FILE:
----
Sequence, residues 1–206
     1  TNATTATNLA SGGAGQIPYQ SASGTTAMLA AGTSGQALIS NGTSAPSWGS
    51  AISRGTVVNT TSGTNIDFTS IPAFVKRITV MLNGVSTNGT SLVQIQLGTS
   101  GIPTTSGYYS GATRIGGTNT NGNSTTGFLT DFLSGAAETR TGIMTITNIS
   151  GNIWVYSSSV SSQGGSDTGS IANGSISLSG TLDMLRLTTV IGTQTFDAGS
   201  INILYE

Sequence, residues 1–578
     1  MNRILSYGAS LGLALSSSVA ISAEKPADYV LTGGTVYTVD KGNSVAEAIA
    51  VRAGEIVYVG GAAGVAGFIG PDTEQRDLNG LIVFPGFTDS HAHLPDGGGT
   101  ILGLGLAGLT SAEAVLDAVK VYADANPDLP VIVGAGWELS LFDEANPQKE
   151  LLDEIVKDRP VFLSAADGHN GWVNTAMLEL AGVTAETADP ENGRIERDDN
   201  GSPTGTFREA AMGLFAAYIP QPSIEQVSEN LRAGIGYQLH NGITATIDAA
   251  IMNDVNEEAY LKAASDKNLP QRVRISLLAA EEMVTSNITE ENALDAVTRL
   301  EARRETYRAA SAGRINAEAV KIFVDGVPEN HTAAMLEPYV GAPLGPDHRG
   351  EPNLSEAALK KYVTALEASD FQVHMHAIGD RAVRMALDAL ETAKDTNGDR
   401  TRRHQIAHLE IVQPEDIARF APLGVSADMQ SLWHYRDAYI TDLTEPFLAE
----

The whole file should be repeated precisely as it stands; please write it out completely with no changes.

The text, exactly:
Sequence, residues 1–206
     1  TNATTATNLA SGGAGQIPYQ SASGTTAMLA AGTSGQALIS NGTSAPSWGS
    51  AISRGTVVNT TSGTNIDFTS IPAFVKRITV MLNGVSTNGT SLVQIQLGTS
   101  GIPTTSGYYS GATRIGGTNT NGNSTTGFLT DFLSGAAETR TGIMTITNIS
   151  GNIWVYSSSV SSQGGSDTGS IANGSISLSG TLDMLRLTTV IGTQTFDAGS
   201  INILYE

Sequence, residues 1–578
     1  MNRILSYGAS LGLALSSSVA ISAEKPADYV LTGGTVYTVD KGNSVAEAIA
    51  VRAGEIVYVG GAAGVAGFIG PDTEQRDLNG LIVFPGFTDS HAHLPDGGGT
   101  ILGLGLAGLT SAEAVLDAVK VYADANPDLP VIVGAGWELS LFDEANPQKE
   151  LLDEIVKDRP VFLSAADGHN GWVNTAMLEL AGVTAETADP ENGRIERDDN
   201  GSPTGTFREA AMGLFAAYIP QPSIEQVSEN LRAGIGYQLH NGITATIDAA
   251  IMNDVNEEAY LKAASDKNLP QRVRISLLAA EEMVTSNITE ENALDAVTRL
   301  EARRETYRAA SAGRINAEAV KIFVDGVPEN HTAAMLEPYV GAPLGPDHRG
   351  EPNLSEAALK KYVTALEASD FQVHMHAIGD RAVRMALDAL ETAKDTNGDR
   401  TRRHQIAHLE IVQPEDIARF APLGVSADMQ SLWHYRDAYI TDLTEPFLAE